Warren Buffett, long regarded a one of the best investors of all time, is renowned for the wisdom he shares on how to profit from stock investing, even during market downturns. While many investors are fearful during bear markets and economic slumps, Buffett remains focused on the long-term potential held by the companies he invests in rather than reacting to short-term market moves. This has seen him make large investments in companies that meet his criteria, even during bear markets, when other investors are exiting stocks and moving their capital to defensive assets like gold.
To do this, he focuses on identifying companies with wide economic moats and durable competitive advantages, which protect their earnings from competitors with businesses that are easily understood. Companies possessing those characteristics are typically resistant to economic downturns because of relatively inelastic demand for their goods and services coupled with solid financial positions. Buffett invests using that criteria because he believes that the global economy is complex and unpredictable, which — along with stock market not moving in sync — makes it impossible to predict short-term movements.
Nonetheless, Buffett is resolute in his view that the long-term returns of stocks can’t be matched by any other asset class, and here at the Fool we share that view.
It is for these reasons that he is known for this quote: “We simply attempt to be fearful when others are greedy and to be greedy only when others are fearful.”
That underscores Buffett’s investment philosophy and emphasizes why market corrections and bear markets create an opportunity to acquire quality stocks at very attractive valuations.
By the end of 2019, a report from Berkshire Hathaway showed that Buffett’s three largest holdings by number of shares were Bank of America, Coca Cola, and Kraft Heinz. That report showed his largest Canadian investment was, surprisingly, given the unpopularity of energy stocks, oil giant Suncor (TSX:SU)(NYSE:SU).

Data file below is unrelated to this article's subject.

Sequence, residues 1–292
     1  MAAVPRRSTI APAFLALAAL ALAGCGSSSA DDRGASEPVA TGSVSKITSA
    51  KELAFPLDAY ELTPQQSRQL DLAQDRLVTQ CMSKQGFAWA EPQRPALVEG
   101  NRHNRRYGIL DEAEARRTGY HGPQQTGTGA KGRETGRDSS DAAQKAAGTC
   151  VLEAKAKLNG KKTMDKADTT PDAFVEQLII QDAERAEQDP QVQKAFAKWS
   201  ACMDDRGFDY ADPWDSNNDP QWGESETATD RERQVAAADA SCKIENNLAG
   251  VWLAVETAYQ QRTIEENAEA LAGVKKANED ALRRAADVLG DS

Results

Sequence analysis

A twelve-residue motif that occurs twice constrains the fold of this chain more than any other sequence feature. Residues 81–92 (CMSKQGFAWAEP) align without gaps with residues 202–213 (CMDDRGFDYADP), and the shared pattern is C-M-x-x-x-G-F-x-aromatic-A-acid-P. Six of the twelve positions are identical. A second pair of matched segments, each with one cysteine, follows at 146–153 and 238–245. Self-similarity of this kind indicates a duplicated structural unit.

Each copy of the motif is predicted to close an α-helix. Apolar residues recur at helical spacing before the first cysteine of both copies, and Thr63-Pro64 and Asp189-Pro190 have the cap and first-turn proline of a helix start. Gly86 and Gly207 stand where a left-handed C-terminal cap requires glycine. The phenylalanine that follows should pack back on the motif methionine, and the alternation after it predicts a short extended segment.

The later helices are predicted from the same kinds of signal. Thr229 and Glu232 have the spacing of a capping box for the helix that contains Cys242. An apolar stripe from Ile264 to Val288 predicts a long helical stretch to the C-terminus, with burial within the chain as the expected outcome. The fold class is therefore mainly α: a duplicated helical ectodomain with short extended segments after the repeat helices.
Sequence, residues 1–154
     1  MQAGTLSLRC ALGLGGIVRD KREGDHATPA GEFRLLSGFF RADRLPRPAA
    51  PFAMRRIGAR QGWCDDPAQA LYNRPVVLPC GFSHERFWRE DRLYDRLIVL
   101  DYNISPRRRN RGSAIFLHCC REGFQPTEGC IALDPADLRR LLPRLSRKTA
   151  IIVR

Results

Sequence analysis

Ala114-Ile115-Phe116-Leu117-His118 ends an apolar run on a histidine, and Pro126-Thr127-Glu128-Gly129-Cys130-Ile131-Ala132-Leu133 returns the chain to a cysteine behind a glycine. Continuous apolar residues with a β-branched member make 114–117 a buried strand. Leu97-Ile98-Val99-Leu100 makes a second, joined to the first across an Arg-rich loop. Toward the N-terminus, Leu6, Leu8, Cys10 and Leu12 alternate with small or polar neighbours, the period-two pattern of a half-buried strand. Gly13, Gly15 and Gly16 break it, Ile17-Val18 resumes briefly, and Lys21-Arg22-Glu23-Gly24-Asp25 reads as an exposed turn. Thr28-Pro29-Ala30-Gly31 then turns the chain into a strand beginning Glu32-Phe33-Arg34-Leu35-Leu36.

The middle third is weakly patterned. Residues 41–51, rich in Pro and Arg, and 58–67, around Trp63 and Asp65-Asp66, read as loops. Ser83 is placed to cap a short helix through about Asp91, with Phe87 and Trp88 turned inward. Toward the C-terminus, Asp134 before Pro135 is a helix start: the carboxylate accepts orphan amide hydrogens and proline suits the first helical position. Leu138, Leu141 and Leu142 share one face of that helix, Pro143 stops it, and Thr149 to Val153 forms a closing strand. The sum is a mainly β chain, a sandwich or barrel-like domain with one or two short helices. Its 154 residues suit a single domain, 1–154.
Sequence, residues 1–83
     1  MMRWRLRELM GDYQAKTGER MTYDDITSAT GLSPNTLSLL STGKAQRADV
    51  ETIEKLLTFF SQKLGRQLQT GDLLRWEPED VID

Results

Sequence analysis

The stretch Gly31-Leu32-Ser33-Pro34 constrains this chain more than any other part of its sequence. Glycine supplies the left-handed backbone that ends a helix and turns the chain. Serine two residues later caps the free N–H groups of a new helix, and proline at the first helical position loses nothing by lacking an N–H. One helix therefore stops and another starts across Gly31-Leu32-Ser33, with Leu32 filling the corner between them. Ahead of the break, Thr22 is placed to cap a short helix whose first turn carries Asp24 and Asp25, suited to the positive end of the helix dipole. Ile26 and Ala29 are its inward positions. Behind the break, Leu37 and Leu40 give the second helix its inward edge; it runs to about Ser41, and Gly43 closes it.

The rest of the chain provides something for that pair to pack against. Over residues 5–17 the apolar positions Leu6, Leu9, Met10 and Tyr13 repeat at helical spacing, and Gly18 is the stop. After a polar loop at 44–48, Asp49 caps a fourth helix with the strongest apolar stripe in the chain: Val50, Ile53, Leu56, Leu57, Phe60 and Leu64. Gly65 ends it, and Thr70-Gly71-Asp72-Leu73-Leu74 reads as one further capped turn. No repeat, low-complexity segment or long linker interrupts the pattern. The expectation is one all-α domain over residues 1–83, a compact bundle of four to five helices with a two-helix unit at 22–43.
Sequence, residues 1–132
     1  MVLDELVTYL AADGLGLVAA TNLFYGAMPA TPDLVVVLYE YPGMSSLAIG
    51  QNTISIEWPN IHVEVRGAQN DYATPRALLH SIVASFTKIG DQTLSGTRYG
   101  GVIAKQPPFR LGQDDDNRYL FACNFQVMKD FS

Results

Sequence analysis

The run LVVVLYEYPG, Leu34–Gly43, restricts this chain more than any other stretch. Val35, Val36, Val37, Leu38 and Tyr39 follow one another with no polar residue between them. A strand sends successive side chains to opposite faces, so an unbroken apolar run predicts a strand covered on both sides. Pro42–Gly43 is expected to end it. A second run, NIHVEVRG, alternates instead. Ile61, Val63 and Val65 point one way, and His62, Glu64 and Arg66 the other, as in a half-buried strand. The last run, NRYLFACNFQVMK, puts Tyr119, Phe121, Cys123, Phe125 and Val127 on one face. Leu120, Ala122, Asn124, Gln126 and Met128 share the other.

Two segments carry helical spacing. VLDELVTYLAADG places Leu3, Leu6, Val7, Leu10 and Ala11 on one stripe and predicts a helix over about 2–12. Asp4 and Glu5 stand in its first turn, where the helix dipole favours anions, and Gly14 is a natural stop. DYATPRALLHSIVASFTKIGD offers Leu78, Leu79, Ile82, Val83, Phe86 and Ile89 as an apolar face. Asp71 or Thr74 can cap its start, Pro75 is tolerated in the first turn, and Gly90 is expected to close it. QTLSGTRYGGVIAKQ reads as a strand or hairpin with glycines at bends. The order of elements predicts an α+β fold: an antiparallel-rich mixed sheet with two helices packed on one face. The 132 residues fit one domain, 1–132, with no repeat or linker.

Buffett owns 15 million shares valued at around US$427 million in the oil sands giant, and it is easy to understand why he chose to invest in an industry that is increasingly unpopular. Suncor is a top contrarian investment trading at an attractive valuation while possessing many of the characteristics sought by Buffett, including a wide economic moat and industry-leading position.
Crude’s prolonged slump, which has worsened because of the coronavirus pandemic and fears of a global recession, sees many energy stocks trading at close to multi-year lows. Suncor, despite reporting some solid 2019 numbers, is trading near its 52-week low, making it an appealing play on higher oil.
Over the long term, it is expected that oil prices will recover once the coronavirus pandemic ends and the global economy returns to growth, which will be a powerful tailwind for oil stocks. While energy prices are depressed primarily because of a global supply glut created by the U.S. shale oil boom, consumption continue to grow, and demand remains relatively inelastic, despite a softer economic outlook.
Suncor is an ideal play on higher crude, because of its quality low-cost, long-life assets and integrated business model, which allows it to profit from almost all segments of the value chain for oil. Despite oil’s prolonged downturn, Suncor has been able to grow its free funds flow, which for 2019 expanded by almost 19% year over year to $3.20 per share. Suncor achieved this by focusing on reducing costs and improving the return on capital generated by its assets.
A key strength is Suncor’s ability to refine over half of its oil production, meaning it can profit from the spread between crude prices and those of processed products. This also makes it relatively immune to the risks posed by a wider price differential between the Canadian heavy oil benchmark Western Canadian Select and West Texas Intermediate.
There is no better time than to adopt Buffett’s contrarian investment strategy than during market downturns, when fear causes many quality companies to trade at discounts to their fair value. Suncor remains a top play on the long-awaited oil recovery. It has successfully delivered value despite sharply weaker oil prices, with the latest dip creating an opportunity to acquire a quality stock at an attractive valuation.
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This article represents the opinion of the writer, who may disagree with the “official” recommendation position of a Motley Fool premium service or advisor. We’re Motley! Questioning an investing thesis — even one of our own — helps us all think critically about investing and make decisions that help us become smarter, happier, and richer, so we sometimes publish articles that may not be in line with recommendations, rankings or other content.
Fool contributor Matt Smith has no position in any of the stocks mentioned. The Motley Fool owns shares of and recommends Berkshire Hathaway (B shares) and recommends the following options: long January 2021 $200 calls on Berkshire Hathaway (B shares), short January 2021 $200 puts on Berkshire Hathaway (B shares), and short March 2020 $225 calls on Berkshire Hathaway (B shares).